Engaging Parents in Children’s Learning: Tough, Perhaps. But Key at Any Age

By the time they are three years old, children from low-income families have heard 30 million fewer words than children of wealthier professionals, according to groundbreaking research conducted by early childhood scholars Betty Hart and Todd Risley in the 1990s. Learning specialist Susan Landry attributes this in part to a statement she often hears from young moms: “I didn’t know I was supposed to talk to my baby until they could say words and talk to me.”

Across the country, new initiatives are under way to address such misconceptions and teach parents how important they are in developing their child’s vocabulary, the New York Times reported in an article on Tuesday. One such initiative, “Too Small to Fail”—supported by the Bill, Hillary & Chelsea Clinton Foundation and Bloomberg Philanthropies—hopes to reach Latino parents through advertisements on the Spanish-language TV network Univision. But many of these initiatives, like Providence Talks, in Rhode Island, diverge from traditional public service-like campaigns and bring their message directly into the homes of low-income parents through home visits and wearable recording devices called “Lenas,” which track the words spoken around a child.

Attention to the role of parents in early childhood development raises an important point for education and expanded learning in general: home environment and parental involvement are crucial to a child’s learning at any age. In the expanded learning and after-school field, programs that do not involve families in their children’s learning are missing out on an important opportunity. An evidence review from ExpandED Schools by TASC highlights three key variables that affect parents’ involvement in their children’s school and learning: parental self-efficacy (knowledge base and self-confidence); aspirations and expectations; and perception of school receptivity. Read the review for ideas on how best to engage parents in bringing learning home.

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Research Round-Up: Exciting Outcomes

The latest research from Deborah Lowe Vandell and her colleagues at UC Irvine suggests that consistent participation in high-quality after-school programming by elementary school students (K-5) vastly narrows the achievement gap between students from low-income and high-income families by the fifth grade (see infographic). Vandell’s study did not describe the content of the afterschool programs in her study, but several other recent studies have shown that similar outcomes may result from a variety of program models:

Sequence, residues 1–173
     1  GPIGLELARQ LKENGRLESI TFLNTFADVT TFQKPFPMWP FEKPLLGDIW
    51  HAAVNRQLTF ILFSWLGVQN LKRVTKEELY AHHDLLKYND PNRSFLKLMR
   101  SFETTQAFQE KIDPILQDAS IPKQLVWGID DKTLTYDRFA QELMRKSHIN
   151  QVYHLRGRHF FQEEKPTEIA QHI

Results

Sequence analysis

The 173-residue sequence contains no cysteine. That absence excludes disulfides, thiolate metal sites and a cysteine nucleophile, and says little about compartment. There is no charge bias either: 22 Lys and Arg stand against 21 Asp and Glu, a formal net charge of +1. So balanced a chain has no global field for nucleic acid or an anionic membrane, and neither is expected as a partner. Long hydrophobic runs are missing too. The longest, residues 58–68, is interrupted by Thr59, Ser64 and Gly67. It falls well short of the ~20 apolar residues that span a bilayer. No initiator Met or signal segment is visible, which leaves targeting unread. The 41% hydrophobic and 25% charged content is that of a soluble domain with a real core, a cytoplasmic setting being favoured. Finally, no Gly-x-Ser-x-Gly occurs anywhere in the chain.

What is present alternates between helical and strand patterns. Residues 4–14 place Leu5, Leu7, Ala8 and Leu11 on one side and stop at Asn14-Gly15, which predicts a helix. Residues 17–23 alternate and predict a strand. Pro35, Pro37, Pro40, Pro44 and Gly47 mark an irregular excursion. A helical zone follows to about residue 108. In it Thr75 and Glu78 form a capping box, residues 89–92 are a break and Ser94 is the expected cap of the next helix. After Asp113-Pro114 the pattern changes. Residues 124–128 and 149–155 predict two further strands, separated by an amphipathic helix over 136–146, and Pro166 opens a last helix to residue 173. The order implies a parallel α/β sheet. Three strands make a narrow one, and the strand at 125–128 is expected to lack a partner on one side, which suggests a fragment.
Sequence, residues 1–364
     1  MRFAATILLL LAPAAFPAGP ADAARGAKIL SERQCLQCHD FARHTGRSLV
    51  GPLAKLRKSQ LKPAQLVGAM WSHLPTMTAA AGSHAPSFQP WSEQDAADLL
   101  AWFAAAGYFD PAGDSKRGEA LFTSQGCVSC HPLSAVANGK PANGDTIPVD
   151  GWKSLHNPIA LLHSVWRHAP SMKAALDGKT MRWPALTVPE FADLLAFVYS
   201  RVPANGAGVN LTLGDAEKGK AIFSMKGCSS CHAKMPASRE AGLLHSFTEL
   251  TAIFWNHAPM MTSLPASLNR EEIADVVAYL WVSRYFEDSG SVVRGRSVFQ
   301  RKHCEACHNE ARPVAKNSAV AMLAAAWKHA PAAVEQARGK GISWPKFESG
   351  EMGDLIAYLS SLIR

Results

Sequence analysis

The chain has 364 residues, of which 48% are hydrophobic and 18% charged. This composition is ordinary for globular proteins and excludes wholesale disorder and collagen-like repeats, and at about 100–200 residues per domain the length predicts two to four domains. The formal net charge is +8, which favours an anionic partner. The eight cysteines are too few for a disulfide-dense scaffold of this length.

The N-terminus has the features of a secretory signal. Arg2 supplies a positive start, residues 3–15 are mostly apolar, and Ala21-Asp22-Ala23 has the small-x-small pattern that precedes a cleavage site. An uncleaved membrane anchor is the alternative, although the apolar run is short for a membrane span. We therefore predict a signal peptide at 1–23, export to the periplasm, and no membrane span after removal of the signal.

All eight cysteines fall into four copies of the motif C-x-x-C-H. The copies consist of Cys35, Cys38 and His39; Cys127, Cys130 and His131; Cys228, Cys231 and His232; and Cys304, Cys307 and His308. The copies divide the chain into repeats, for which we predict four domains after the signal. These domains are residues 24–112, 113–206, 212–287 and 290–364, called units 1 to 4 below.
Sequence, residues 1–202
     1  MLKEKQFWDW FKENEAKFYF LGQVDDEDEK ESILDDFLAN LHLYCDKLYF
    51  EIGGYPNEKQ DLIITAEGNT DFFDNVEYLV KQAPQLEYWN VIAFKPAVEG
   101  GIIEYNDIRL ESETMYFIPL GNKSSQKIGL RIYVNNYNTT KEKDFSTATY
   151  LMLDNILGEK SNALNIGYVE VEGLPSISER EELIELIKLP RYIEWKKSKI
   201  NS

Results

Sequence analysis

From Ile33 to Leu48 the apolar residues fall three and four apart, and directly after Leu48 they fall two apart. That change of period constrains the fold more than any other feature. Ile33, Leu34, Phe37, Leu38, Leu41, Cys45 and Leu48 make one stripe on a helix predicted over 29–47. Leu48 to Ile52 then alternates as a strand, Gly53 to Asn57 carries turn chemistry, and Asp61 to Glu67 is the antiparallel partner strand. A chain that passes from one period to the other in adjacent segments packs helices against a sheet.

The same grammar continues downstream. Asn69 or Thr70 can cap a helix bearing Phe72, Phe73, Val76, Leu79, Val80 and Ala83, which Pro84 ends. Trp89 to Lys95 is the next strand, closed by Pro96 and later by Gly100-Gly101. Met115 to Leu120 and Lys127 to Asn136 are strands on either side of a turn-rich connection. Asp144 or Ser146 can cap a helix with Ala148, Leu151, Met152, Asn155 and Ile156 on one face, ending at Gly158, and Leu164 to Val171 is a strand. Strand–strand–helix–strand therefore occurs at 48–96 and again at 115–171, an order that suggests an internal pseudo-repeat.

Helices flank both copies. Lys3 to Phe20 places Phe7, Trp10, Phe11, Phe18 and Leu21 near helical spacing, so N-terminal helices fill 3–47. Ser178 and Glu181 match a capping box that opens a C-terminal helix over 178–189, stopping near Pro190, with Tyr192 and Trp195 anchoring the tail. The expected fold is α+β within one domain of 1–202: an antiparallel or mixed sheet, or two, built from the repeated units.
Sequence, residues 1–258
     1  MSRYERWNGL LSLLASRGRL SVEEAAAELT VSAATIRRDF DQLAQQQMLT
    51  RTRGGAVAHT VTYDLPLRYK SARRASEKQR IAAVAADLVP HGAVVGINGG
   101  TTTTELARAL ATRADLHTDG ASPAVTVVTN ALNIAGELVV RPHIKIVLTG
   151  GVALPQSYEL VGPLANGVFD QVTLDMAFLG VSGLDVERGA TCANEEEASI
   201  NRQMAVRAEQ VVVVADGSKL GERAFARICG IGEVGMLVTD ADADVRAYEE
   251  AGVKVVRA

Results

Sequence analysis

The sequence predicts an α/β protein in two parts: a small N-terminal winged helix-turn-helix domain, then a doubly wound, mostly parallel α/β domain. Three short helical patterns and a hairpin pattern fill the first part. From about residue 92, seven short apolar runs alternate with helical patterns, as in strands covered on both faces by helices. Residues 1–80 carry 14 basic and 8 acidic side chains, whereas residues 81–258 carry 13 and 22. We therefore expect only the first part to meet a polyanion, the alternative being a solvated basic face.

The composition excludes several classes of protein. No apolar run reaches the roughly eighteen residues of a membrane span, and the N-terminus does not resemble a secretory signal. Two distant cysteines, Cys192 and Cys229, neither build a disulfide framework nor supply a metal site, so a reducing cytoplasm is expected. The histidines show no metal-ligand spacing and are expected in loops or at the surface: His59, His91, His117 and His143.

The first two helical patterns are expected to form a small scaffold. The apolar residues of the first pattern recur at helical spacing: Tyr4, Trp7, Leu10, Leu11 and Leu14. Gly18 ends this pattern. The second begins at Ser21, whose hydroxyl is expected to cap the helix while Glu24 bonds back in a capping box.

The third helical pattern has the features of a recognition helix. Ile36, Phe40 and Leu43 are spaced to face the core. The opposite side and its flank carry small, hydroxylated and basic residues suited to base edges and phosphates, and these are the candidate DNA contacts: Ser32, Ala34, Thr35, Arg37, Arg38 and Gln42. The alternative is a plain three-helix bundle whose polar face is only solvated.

Research round-up Feb. 2014 image

  • A YMCA study published earlier this year found that students who participated actively in their High School Youth Initiative program—a summer and after-school program focused on technology skills, leadership, and homework help—had higher grades and test scores in math and language arts, as well as improved overall GPAs and higher attendance as they progressed in school. Participating youth came from low-income families and diverse cultural backgrounds.
  • A study of youth development in minority boys who participated in the Sport Hartford Boys (SHB) program indicated that involvement in the program positively influenced the participants emotionally and socially, as gauged by their development in the “6 C’s”— competence, character, caring, confidence, connection, and contribution. The “6 C’s” are a set of characteristics identified by developmental scientists as indicators of positive youth development and future success.
  • A case-study series of four California schools found that implementing “student-centered” practices, such as connecting learning to real-world experiences and assigning student-directed research projects, dramatically improved the college readiness of low-income and minority students as compared to their peers in traditional schools in the same districts and across the state.

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New Videos Show How Afterschool Fills Hours of Opportunity

Kids today spend 80 percent of their waking hours outside of school. In our field, we think of that time as “hours of opportunity”—hours in which kids can potentially be engaged in enrichment, team-building activities, meaningful adult mentorships, and more.

Yet for many kids, the hours outside of school are a missed opportunity. Only 15 percent of school-age children participate in after-school programs, with children from higher-income families participating at twice the rate of children in poverty.

Afterschool: Hours of OpportunityTwo new videos from The Wallace Foundation show how high-quality after-school programs can help fill gaps in opportunity. Featuring leaders of after-school programs and school districts around the country, Afterschool: Hours of Opportunity illustrates how programs help kids forge relationships with peers and educators, improve their behavior and academic performance, and motivate them to stay connected to school—a crucial ingredient for students who feel disengaged. These programs aren’t restricted to a specific time and place; they can happen before school, over the summer, or as part of an expanded learning day.